British PM David Cameron Defends Google Tax Deal

LONDON : British Prime Minister David Cameron defend the tax deal struck with US Internet giant Google as he came under fire in parliament on Wednesday.

Google is to pay 130 million ($185.4  million) in back taxes to Britain following a government inquiry into its tax arrangements, a company spokeswoman said.

Cameron was grilled on the deal in the House of Commons by opposition Labour leader Jeremy Corbyn.

The left-wing veteran claimed Google is paying an effective tax rate of three percent on its profits made in Britain. The 2015-2016 corporation tax rate is 20 percent.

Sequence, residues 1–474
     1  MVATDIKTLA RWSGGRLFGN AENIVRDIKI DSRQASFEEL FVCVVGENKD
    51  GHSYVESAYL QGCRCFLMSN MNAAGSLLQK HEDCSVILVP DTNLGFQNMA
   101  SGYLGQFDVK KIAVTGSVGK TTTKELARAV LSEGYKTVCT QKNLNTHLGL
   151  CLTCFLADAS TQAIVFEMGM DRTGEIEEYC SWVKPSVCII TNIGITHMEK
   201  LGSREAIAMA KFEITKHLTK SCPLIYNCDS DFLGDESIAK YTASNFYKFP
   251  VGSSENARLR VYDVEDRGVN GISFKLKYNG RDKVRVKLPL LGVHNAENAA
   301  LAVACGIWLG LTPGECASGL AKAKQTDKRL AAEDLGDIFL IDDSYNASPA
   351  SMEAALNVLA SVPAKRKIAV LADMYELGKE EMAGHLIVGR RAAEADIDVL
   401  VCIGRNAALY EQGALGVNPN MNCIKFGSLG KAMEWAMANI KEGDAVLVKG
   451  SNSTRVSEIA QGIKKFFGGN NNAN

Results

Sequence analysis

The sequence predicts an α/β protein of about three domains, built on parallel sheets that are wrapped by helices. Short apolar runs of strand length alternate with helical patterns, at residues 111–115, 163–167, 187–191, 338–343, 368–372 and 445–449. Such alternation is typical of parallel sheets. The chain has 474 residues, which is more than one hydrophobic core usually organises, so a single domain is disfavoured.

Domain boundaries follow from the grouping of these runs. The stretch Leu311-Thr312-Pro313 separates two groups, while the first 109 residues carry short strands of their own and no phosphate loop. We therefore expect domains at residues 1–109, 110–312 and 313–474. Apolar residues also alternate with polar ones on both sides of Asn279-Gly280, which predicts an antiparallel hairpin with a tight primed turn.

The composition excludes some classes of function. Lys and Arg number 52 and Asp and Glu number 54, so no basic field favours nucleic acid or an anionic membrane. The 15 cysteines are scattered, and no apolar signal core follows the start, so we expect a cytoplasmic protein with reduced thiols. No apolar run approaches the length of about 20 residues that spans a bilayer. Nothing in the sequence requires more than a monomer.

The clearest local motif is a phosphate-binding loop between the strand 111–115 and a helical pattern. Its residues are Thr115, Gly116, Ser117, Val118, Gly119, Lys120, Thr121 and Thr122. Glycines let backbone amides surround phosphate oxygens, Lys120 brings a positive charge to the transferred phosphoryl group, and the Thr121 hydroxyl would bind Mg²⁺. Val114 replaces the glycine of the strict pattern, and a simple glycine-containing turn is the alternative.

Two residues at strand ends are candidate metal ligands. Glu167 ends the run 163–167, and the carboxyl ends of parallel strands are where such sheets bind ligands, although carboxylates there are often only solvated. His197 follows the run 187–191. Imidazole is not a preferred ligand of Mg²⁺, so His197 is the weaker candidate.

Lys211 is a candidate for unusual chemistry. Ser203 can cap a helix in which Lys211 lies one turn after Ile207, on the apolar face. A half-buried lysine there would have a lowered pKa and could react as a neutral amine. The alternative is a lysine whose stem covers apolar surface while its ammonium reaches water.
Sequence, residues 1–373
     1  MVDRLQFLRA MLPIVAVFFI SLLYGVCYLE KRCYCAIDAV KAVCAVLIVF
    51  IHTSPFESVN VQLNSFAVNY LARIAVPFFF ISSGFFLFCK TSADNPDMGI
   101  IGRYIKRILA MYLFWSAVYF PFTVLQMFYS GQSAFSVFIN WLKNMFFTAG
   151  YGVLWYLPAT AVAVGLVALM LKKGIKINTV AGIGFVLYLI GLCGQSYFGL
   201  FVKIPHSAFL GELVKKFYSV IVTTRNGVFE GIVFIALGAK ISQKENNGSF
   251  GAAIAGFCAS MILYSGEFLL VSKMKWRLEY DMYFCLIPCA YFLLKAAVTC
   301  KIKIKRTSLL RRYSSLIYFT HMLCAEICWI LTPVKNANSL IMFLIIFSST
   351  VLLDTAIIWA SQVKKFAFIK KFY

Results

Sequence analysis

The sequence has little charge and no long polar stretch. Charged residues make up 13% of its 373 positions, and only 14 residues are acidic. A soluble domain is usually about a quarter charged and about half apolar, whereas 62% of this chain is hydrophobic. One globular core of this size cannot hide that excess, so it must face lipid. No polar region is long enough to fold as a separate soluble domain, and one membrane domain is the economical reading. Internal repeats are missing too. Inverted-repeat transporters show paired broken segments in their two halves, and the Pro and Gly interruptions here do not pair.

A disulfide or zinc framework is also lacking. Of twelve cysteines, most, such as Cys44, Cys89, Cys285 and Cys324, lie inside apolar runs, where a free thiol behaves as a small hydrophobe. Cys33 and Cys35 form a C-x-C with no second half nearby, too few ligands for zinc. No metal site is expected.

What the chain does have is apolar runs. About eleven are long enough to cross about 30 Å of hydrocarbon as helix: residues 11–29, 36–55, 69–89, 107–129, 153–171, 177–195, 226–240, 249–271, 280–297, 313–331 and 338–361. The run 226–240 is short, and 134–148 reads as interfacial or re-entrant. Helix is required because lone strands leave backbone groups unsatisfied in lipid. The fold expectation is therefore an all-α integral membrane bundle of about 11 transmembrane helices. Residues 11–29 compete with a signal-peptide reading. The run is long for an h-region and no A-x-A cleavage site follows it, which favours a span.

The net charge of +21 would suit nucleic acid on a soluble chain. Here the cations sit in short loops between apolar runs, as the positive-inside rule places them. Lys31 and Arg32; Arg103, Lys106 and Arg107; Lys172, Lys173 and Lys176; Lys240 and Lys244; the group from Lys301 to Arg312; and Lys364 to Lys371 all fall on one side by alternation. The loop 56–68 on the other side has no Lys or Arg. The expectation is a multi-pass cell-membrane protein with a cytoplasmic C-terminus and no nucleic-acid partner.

“I do dispute the figures that you give,” Cameron replied. “But I am absolutely clear that no (British) government has done more than this one to crack down on tax evasion and aggressive tax avoidance.”

Corbyn said workers filling in their tax returns “do not get the option of 25 meetings with 17 ministers to decide what their rate of tax is.

“Why is there one rule for big multinational companies and another for ordinary, small businesses and self-employed workers?”

Cameron said he was “genuinely angry about what happened to Google”under previous Labour governments.


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